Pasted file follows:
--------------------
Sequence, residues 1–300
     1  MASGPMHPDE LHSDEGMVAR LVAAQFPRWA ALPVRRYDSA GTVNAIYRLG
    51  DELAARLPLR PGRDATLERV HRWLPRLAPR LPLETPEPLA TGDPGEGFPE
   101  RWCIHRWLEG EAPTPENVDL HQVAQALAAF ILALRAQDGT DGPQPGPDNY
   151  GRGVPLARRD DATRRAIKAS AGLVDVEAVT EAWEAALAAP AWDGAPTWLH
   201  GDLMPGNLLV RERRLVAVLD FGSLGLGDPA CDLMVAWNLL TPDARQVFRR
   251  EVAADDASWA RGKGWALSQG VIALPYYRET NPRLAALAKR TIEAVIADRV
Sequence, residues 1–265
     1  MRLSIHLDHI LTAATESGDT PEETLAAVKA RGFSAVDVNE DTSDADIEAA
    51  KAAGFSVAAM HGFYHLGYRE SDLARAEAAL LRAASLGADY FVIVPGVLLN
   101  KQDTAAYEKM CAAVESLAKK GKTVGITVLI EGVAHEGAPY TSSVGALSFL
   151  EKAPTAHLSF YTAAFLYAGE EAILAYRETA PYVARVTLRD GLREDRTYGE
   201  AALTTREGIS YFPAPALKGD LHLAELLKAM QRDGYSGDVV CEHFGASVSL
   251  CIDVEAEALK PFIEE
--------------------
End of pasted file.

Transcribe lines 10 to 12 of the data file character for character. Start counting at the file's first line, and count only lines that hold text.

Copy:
    51  KAAGFSVAAM HGFYHLGYRE SDLARAEAAL LRAASLGADY FVIVPGVLLN
   101  KQDTAAYEKM CAAVESLAKK GKTVGITVLI EGVAHEGAPY TSSVGALSFL
   151  EKAPTAHLSF YTAAFLYAGE EAILAYRETA PYVARVTLRD GLREDRTYGE